The very first idea out of the starting blocks was, of course, the Fair. Whether it was the Allendale Fair, or the May Fair (well known to be held at the beginning of June), it was always going to be the Fair that was almost the raison d’être for the new club’s existence. We’ve noted already that the Round Table organisation has strict age limits imposed on its membership, and the task had fallen upon Nigel Baynes, then chairman of the West Tynedale Round Table, as was, and approaching the age of mandatory retirement, to hope that the new club, Allendale Lions, might take over the role of organisers for the fair that he and Brian Newman had invented perhaps a decade earlier.
Of course, after Trevor explained the circumstances of this transfer, everyone agreed. The first event was pinned up in the local Lions’ calendar; it would require special committees and lots of meetings, but we were up for the challenge. Not only Community Service, but also Fundraising and Fellowship boxes would be ticked by this event.
I suspect that ever since the Round Table had developed the play area in the Recreation Ground, there had been a special place in their philanthropy for young people. Nigel noted that a fundraising event for the Youth Club was on imminent cards, and that the youngsters were eager to gain sponsorship for the cycle ride from Sandgreen near Gatehouse of Fleet across the Scottish border and back to Allendale.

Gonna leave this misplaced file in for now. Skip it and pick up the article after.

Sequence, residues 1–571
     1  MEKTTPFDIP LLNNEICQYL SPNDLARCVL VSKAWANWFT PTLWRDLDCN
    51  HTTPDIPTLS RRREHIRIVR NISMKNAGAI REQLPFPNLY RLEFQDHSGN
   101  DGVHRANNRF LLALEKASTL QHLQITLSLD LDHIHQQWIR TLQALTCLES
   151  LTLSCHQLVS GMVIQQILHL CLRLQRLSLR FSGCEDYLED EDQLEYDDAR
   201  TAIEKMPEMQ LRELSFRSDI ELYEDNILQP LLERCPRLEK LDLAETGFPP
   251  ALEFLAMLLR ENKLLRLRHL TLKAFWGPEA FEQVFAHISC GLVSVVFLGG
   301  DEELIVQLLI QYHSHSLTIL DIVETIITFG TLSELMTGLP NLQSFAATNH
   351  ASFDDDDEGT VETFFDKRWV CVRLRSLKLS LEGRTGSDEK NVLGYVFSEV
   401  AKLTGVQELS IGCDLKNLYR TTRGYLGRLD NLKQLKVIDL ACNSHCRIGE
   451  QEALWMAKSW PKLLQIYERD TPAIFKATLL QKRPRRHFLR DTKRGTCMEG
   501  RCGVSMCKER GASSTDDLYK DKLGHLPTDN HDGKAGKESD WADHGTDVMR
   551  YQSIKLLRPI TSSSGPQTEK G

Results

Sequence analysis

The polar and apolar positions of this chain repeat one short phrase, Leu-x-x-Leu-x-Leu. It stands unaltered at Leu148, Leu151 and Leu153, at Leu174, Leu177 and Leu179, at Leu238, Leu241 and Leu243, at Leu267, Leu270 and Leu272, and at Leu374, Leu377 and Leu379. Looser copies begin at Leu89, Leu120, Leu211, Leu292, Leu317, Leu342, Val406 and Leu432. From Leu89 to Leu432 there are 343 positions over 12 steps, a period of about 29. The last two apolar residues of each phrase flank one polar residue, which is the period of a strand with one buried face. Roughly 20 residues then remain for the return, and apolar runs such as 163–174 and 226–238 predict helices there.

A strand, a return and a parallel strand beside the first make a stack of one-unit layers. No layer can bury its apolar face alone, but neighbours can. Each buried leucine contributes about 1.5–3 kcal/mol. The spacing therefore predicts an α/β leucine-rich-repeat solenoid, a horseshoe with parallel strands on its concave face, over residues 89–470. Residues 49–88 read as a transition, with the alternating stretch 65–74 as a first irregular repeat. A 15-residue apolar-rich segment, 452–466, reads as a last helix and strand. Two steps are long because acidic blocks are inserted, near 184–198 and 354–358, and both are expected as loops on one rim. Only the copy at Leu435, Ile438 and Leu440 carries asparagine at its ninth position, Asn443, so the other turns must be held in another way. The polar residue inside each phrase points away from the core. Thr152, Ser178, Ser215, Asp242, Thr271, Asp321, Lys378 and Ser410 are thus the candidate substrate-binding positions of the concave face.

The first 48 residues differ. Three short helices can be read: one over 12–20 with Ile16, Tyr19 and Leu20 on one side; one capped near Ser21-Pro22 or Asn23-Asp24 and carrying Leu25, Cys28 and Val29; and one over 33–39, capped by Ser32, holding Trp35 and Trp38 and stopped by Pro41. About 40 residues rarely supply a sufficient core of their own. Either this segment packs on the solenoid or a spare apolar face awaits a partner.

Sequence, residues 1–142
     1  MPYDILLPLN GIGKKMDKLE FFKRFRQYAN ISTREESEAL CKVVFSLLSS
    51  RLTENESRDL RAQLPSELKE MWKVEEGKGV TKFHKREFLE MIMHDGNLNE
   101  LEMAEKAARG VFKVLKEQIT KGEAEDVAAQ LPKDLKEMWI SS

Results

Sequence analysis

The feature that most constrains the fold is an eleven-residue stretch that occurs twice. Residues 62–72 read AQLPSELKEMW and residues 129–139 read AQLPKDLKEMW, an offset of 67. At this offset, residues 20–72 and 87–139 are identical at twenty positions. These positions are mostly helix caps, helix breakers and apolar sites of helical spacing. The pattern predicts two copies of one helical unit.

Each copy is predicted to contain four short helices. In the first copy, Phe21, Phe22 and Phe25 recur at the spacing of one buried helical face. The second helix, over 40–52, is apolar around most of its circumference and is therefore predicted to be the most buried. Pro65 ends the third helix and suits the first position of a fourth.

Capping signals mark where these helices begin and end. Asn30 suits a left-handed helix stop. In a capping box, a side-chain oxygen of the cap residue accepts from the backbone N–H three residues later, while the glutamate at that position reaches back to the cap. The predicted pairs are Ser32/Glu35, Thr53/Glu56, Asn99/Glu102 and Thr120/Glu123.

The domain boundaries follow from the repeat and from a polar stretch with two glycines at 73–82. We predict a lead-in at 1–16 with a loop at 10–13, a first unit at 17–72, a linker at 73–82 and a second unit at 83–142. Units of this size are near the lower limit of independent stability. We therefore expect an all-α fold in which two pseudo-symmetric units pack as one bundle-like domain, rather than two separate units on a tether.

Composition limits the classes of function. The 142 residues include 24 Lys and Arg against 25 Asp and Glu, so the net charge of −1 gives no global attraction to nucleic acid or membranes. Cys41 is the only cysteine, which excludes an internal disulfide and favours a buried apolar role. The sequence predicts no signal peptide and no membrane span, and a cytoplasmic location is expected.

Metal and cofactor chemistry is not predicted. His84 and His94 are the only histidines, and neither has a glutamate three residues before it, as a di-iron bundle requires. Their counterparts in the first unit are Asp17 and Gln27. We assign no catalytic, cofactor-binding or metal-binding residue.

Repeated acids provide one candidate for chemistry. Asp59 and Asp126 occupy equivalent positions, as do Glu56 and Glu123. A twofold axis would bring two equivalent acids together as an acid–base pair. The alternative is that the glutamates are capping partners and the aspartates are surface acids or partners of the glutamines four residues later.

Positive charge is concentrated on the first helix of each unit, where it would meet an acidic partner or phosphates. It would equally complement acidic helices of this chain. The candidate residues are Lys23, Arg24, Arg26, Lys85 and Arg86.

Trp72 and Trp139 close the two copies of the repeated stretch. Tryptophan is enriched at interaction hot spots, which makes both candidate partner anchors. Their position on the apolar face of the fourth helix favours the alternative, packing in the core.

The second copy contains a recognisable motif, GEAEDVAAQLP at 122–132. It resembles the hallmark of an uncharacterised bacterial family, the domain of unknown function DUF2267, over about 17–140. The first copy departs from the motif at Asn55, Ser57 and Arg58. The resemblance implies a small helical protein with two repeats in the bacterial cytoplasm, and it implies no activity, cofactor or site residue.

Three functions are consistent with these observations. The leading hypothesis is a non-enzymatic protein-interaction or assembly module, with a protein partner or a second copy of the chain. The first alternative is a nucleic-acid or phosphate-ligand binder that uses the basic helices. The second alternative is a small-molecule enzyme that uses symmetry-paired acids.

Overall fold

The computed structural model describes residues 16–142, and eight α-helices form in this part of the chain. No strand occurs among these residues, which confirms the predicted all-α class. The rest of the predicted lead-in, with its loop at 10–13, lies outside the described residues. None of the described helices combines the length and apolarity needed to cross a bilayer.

History, even relatively recent history, is a funny thing. I was delighted to see that my own submission, the clearance of the Dene below the Rec Ground, was up next. Apparently we agreed that this activity would be an ideal sort of Community Service for the coming year. But was I then the chair of the Allendale Village Hall & Recreation Ground charity? Or did I have a special place already in my heart as a trustee for this facility? I can’t remember!
Sue Mills’ notice, that a Rock Stars and Rock Chicks event was scheduled for the 29th November at the hall, also looked to have a history: it must have been only a few seasons since Maggie Shearer’s Theatre 2000 put on a thrilling show, and the dress-up party, which must inevitably be a karaoke-fest, felt like a next step.
Sylvia Milburn was eager to chat about the Harvest Home event at St Cuthbert’s this coming Saturday the 11th, with Wurzel Gummidge and Aunt Sally coming along to judge the children’s submissions.
And after Sue Mills put in another plea for sponsorship for her anticipated trek in Peru, the session closed with the next meeting date scheduled for a fortnight hence — my my, we were an enthusiastic bunch, weren’t we? Even back then, however, folks were eager to get to the bar to continue the discussion.